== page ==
3. Innovation is assumed the top goal of policy, tempered only by conflict among incentives to innovate, and need to rein in unscrupulous behavior. No mention of freedom and almost none of equality (Joseph Stiglitz is quoted: “The alternative of awarding prizes would be more efficient and more equitable”), let alone as goals which trump innovation.

These three good/deficient pairs are endemic in intellectual property-focused discourse, e.g., see my recent reviews of IP in a World Without Scarcity and Copyright and Inequality — one of the reasons the latter is so great is that places equality firmly on the agenda.

A few other notes on A Five Part Plan for Patent Reform:

  • It’s not a plan, rather an exploration of “five key areas in which the patent system is ripe for reform.” The word plan doesn’t even appear in the text. Well worth reading, but don’t expect to find an actionable plan with five parts.
  • Notes that patent trolls existed in the 1800s (individual farmers were bullied to pay royalties for farm implements covered by patents), which is good (too often current discourse assumes intellectual property worked just fine until recently, with conflict caused by changing technology rather than by power and rent seeking), but then: “Analogously, as discussed above, farm technology was widely used in the nineteenth century, and patents on farm technology were hotly contested. Patents on those farm tools were effectively abolished. But that fix to the patent system did not prevent the software patent problems faced today—it ultimately was a Band-Aid rather than a cure. The same would be true of eliminating software patents. The fundamental issue is that the technologies of tomorrow are unknown, so targeting patent reform to one specific field of technology means that the same problems will only arise again in a different technological sector.” Sure, only abolishing all patents is sufficient, but this analogy seriously undersells the benefit of abolishing software patents: agriculture then was in relative decline of importance in the face of industrialization. Now, software is ascendant, and any technology of tomorrow that matters will involve software.
  • Focuses on FRAND (fair, reasonable and non-discriminatory) licensing for standards. But RF (royalty free) licensing is required for any standard in which commons-based projects are first class participants (e.g., free/open source software and codec patents). No doubt unscrupulous behavior around FRAND and standards is a problem, but the solution is RF for standards.
  • From the Public Knowledge site, reading the paper requires first supplying an email address to a third party (gumroad). Annoying, but on par with PK’s newsletter practices (one of the many favoring tracking users at cost of usefulness to users). Better, the paper is released under CC-BY-SA, so I uploaded a copy to the Internet Archive. Best, Duan has published the paper’s LaTeX source.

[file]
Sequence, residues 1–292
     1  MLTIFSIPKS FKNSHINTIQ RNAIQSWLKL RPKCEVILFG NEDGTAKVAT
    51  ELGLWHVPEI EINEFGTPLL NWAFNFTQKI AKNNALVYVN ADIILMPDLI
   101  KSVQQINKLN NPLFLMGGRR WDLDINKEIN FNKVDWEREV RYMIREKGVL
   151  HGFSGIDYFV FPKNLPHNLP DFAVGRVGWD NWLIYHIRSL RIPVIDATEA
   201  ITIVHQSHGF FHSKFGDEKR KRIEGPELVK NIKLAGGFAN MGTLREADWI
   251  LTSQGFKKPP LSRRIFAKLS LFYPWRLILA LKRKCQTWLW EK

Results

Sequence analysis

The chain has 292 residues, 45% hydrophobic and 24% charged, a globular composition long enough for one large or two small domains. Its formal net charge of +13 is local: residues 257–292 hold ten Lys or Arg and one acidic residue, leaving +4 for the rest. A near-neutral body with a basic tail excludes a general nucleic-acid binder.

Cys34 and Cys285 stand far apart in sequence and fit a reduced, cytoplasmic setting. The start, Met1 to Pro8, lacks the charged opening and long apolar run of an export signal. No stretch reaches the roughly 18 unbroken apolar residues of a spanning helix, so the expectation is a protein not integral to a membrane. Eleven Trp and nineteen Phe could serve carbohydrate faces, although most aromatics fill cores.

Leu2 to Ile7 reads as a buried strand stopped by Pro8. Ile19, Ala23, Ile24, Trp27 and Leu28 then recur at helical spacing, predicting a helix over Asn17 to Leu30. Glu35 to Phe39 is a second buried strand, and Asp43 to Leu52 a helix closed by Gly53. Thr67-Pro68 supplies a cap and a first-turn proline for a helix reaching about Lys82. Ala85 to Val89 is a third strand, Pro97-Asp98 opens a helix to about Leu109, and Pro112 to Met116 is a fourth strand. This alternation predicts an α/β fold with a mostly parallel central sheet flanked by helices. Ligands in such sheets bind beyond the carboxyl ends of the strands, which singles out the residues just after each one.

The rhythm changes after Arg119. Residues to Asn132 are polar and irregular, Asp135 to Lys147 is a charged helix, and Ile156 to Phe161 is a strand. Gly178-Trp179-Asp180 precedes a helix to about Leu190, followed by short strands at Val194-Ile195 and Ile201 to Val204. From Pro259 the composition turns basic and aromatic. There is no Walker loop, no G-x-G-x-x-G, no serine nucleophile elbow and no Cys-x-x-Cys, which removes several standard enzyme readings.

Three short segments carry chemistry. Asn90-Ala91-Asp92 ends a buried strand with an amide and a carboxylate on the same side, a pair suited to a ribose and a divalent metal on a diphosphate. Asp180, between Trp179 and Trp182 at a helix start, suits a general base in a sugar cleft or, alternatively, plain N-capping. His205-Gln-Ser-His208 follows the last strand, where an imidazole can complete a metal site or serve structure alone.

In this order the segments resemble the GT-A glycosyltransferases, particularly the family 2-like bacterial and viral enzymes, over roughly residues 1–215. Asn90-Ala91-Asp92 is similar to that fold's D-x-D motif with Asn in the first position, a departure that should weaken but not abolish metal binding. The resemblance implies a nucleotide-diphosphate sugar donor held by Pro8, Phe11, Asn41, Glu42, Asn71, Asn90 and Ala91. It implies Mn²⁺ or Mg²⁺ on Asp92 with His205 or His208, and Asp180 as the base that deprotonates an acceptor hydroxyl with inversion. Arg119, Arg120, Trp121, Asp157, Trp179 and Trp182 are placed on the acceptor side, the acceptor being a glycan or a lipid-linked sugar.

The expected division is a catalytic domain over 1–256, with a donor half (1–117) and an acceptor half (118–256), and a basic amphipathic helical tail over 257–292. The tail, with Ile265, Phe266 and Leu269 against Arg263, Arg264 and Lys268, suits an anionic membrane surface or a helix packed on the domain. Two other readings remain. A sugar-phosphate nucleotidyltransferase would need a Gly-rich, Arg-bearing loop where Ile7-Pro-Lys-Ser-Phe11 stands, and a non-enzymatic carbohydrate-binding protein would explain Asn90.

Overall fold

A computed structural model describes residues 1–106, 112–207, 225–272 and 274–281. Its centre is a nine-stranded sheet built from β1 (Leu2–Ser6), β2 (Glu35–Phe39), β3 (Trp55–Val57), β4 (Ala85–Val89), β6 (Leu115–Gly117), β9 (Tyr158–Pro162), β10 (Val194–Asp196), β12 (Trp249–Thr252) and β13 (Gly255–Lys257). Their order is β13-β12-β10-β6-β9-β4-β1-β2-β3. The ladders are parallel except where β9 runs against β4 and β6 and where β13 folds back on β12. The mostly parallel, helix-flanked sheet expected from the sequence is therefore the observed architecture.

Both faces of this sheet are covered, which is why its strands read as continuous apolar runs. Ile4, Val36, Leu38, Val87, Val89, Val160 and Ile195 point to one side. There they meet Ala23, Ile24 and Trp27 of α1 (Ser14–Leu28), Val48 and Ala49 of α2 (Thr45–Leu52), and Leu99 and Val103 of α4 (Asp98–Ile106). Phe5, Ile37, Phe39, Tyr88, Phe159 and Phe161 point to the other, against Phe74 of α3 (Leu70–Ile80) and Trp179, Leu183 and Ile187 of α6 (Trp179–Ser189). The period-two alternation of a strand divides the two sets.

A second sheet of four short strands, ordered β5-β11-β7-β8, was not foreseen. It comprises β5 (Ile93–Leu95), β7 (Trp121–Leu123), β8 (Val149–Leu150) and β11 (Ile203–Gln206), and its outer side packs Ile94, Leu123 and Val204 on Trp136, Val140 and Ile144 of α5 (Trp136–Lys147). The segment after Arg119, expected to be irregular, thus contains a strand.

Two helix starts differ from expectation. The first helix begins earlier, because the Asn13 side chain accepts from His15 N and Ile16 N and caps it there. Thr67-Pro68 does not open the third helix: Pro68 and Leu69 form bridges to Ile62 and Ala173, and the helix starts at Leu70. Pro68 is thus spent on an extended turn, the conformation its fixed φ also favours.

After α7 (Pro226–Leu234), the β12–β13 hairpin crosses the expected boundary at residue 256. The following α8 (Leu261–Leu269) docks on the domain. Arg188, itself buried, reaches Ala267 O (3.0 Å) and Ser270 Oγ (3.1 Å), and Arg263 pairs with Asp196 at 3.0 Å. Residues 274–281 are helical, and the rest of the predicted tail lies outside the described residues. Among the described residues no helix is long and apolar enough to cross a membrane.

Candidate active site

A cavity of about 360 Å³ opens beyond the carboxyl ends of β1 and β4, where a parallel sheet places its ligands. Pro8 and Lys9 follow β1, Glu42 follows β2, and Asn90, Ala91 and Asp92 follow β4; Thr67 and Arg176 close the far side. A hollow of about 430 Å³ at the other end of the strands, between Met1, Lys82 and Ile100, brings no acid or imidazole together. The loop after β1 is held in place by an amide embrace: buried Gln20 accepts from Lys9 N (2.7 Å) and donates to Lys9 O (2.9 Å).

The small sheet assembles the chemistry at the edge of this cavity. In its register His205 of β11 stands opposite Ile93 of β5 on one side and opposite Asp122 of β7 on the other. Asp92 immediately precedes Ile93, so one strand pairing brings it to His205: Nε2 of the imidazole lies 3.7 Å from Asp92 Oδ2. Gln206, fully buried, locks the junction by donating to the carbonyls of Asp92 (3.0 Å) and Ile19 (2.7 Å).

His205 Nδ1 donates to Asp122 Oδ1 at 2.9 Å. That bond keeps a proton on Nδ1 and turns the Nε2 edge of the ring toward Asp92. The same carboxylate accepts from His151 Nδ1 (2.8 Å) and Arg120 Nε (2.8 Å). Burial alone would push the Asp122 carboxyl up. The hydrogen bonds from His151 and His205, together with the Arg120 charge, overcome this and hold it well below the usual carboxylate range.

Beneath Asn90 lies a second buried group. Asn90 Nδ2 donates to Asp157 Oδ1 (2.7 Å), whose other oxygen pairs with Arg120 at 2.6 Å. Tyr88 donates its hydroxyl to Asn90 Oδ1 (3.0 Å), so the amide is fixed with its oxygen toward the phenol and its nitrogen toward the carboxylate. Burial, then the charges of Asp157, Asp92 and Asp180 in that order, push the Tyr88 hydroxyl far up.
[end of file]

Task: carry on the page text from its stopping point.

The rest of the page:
Protect commons from patents

Friday, April 11th, 2014

Rob Landley has a good idea: software patents shouldn’t apply to public domain software. This is exactly the kind of commons-favoring reform that ought be topmost on the agenda of anyone who cares about a good [digital] future. It will take years for many such reforms to be feasible. This only means it is urgent for commoners of all free/open stripes to begin thinking of themselves collectively as a politically potent self-interested group, not as merely surviving through private opt-outs from increasingly bad regulation and reaction against apparent existential threats.

I’m a huge fan of the public domain and think that among private opt-outs, public domain instruments ought be used much more than they are. Landley makes an interesting case (historical and otherwise, read his full post) for limiting protection from software patents to public domain software rather than any free/open source software, but I disagree — in this reform step, it makes sense to protect developers and users of any free/open source software from patents with regard to that software.

Up to the last paragraph the rest of this post is dedicated to this disagreement (and in another sense of dedicated, to the public domain, as is everything by me), but don’t let that distract from my overall appreciation of Landley’s post — read the whole thing (his blog is also interesting overall, stylistically like early blogs, and it does have posts back to 2002, though I’ve only been following it approximately since the first link in previous paragraph: see link text “disagree”, appropriately enough).